The music world gathers Sunday for the Grammys with the top awards a choice between a new, edgier Beyonce and the time-tested heartache ballads of Adele.
The televised bash from Los Angeles, which kicks off at 5 pm (0100 GMT Monday), could also have political fireworks as many artists are outspoken critics of US President Donald Trump.
But the enduring picture from the Grammys may turn out to be Beyonce, who is expected to make her first public appearance since revealing that she is pregnant with twins.
Beyonce leads the Grammys with nine nominations and could win the most prestigious awards for the first time -- Album of the Year for "Lemonade" and Record of the Year for her song "Formation."
"Lemonade," which Beyonce intertwined with a film, marked a new direction for the pop superstar as she dabbled in hip-hop, hard rock and even country.
"Formation" was the most politically upfront song of Beyonce's career with a video rallying behind the Black Lives Matter movement, including an image of police officers surrendering as if under arrest.
Throughout "Lemonade," Beyonce directed herself to an audience of fellow African American women with themes of resilience. In the film, she strongly suggested that her husband, rapper Jay Z, had been unfaithful but Beyonce by the end forgave him.
Beyonce faces competition in the main categories from Adele, who proved her enduring, massive commercial popularity by sticking to her style of wrenching ballads.
The English singer is nominated for her ubiquitous song "Hello" and her album "25," which has been the world's top-seller since her "21," which also triumphed at the Grammys.
Adele is scheduled to sing at the Grammys -- a year after her performance was marred by a falling microphone, which hit the piano and caused her voice to veer jarringly out of tune.
Other artists who stand a chance to win the most Grammys include Toronto rapper Drake, R&B superstar Rihanna and the hip-hop celebrity fixture Kanye West.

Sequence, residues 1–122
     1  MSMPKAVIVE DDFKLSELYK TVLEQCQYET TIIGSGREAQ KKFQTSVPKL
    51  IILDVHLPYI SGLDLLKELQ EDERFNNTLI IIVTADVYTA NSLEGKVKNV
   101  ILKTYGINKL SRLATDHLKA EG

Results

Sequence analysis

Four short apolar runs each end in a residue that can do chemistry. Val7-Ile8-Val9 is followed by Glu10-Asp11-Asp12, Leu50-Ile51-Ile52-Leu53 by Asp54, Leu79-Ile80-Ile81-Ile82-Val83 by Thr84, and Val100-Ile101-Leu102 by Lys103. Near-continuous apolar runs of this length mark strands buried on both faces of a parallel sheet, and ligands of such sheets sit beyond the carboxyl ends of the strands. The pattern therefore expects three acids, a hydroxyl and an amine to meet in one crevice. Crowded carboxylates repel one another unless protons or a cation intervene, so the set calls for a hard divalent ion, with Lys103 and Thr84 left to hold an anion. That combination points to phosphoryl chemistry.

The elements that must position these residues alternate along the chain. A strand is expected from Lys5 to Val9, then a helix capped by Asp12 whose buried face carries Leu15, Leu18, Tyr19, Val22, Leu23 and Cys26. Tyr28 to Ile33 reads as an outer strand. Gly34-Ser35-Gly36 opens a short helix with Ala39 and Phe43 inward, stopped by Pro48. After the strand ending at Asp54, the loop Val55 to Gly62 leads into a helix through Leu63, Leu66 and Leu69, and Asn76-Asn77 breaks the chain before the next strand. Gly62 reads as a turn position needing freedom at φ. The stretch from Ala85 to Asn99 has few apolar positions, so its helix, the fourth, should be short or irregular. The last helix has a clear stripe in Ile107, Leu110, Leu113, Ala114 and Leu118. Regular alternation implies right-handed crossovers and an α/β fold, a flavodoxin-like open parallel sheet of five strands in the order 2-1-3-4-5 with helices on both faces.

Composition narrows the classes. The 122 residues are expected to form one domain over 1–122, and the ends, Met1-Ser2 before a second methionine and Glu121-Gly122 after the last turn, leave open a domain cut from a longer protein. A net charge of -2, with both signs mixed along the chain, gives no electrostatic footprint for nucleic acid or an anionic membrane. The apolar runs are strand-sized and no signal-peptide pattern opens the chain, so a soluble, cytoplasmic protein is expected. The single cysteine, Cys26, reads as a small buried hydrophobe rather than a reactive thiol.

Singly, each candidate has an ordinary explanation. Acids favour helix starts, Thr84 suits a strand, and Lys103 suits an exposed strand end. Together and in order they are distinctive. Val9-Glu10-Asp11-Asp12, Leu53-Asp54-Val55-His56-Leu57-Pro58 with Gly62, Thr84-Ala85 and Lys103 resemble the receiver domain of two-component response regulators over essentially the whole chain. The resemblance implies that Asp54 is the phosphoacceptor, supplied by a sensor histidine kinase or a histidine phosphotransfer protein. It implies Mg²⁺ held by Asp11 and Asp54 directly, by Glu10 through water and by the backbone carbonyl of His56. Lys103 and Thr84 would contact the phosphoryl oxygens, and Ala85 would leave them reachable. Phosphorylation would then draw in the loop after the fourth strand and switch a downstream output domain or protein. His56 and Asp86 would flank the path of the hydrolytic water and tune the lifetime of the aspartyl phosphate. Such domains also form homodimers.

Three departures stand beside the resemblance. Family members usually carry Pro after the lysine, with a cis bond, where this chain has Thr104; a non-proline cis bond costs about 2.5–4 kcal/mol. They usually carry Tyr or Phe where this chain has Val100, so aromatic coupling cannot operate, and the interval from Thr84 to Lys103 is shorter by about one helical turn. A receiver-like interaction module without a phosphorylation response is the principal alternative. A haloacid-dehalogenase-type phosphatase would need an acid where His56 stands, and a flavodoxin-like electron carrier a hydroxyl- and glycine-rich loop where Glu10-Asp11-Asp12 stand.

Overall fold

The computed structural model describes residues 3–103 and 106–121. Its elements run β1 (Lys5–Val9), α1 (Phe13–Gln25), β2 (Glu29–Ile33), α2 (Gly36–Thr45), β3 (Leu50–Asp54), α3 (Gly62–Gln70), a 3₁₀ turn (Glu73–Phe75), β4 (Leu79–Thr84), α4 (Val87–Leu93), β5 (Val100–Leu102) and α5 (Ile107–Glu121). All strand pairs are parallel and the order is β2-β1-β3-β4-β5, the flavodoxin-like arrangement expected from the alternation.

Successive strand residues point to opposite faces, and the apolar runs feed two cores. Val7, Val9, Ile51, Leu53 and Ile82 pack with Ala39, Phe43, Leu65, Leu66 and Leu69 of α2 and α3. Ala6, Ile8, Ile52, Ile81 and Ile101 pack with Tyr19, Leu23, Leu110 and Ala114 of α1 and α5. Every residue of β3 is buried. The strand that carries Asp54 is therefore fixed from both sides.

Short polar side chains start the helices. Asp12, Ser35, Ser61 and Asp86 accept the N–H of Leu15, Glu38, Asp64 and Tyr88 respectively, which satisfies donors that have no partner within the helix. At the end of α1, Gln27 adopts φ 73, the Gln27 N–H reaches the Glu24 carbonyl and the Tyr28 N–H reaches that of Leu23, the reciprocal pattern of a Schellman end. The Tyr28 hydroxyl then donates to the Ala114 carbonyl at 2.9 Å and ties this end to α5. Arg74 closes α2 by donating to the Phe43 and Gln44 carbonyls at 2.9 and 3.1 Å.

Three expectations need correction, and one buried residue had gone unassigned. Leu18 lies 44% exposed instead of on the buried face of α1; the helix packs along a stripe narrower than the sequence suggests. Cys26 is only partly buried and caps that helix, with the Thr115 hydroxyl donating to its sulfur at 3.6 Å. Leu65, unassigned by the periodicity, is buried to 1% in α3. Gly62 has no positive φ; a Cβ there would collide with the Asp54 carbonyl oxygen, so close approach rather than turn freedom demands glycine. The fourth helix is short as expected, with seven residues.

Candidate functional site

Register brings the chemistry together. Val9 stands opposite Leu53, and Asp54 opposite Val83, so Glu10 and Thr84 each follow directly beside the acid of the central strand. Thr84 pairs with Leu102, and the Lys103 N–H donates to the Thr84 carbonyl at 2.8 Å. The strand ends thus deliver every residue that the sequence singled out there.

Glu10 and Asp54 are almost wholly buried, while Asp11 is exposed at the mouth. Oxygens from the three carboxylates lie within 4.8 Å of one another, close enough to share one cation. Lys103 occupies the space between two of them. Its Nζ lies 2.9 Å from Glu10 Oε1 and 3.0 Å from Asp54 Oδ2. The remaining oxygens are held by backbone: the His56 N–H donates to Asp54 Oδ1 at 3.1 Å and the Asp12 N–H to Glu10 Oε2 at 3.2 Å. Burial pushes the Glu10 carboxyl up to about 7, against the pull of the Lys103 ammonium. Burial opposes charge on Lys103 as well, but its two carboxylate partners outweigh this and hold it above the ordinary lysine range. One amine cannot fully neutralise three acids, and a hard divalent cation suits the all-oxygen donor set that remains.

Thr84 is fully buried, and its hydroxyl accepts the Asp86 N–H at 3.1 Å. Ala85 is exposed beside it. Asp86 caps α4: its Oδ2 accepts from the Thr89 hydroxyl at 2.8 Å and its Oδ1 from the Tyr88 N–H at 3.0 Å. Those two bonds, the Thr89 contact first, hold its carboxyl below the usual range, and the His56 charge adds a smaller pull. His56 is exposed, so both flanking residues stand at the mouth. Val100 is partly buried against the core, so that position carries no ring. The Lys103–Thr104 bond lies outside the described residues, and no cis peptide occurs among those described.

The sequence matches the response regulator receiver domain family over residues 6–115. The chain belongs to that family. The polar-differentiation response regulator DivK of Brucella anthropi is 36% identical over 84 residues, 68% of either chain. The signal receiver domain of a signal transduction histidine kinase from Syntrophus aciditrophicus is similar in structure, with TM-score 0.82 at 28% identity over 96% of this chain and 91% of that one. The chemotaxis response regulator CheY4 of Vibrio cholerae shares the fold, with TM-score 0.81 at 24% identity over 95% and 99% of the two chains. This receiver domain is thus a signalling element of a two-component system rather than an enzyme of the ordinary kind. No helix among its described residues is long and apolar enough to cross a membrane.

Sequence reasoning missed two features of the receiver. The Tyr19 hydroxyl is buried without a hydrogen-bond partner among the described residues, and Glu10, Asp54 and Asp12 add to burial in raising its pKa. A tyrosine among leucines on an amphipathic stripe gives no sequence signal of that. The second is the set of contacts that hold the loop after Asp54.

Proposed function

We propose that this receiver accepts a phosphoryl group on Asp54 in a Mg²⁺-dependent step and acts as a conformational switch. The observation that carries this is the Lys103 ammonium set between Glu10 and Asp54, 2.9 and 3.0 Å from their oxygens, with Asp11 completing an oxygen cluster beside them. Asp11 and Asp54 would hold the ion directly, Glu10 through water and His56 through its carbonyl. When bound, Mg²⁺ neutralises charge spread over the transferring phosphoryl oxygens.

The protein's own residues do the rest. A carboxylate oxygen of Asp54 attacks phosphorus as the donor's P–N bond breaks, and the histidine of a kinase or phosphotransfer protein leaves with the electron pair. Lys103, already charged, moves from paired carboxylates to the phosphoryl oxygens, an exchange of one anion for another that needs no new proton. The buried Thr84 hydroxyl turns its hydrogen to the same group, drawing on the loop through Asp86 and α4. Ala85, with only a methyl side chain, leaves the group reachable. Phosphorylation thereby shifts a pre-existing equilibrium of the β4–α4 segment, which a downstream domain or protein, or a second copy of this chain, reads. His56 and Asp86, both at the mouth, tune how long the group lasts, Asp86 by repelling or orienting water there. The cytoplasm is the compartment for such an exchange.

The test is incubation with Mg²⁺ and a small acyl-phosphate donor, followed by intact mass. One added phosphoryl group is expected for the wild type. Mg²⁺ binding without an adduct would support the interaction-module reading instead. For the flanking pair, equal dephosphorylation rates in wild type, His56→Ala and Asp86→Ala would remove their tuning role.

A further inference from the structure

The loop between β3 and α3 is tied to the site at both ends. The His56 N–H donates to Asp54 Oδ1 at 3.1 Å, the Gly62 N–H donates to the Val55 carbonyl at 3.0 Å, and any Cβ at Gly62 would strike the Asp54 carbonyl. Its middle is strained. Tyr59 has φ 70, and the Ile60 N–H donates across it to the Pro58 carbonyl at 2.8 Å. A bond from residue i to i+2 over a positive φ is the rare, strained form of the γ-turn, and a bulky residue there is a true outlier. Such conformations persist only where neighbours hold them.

Drake has been nominated for "Views," his blockbuster collection of dance-ready tracks, and for "Work," his lusty collaboration with Rihanna.
Dark horses for Album of the Year include "A Sailor's Guide to Earth" by Sturgill Simpson, who has given some intellectual heft to country music through lyricism inspired by Buddhist philosophy.
Justin Bieber was nominated for "Purpose," in a surprise nod for the Canadian singer often more associated with tabloid exploits.
Chance the Rapper, 23, is a favorite to win Best New Artist amid acclaim for his gospel-infused hip-hop. The Chicago artist benefited from updated rules that consider streaming exclusives.
The Grammys will feature tributes to two pop icons who died in the past year -- Prince and George Michael.
The performance is expected to herald the arrival of Prince, who battled the music industry for much of his career, to major streaming services following deals with his estate.
Katy Perry, back from a short hiatus in which she recorded new music, will use the global television platform to perform "Chained to the Rhythm," her retro disco-inspired new single.
Perry -- who with 95 million followers is the most popular person on Twitter -- released the song Friday after a unique social media campaign in which she sent fans around the world hunting for disco balls that held recordings of the single.
The show will also see the return of Daft Punk, the reclusive, robot-clad French electronic duo that has not performed in public since the Grammys in 2014.
Daft Punk will play with R&B sensation The Weeknd, whose music the duo recently produced. Daft Punk kicked off the weekend by opening a pop-up store in Los Angeles, although the duo has been characteristically tight-lipped on whether it plans more music or touring.
Lady Gaga -- who a week ago put on a riveting performance before more than 117 million television viewers at the Super Bowl halftime show -- is set for one of the more unlikely Grammy collaborations as she takes the stage with Metallica.
Gaga and Perry were among the most outspoken celebrity backers of Hillary Clinton in her campaign against Trump, raising the prospect of political statements at the Grammys.
But Gaga only addressed politics subtly at the Super Bowl as she championed a message of inclusion.
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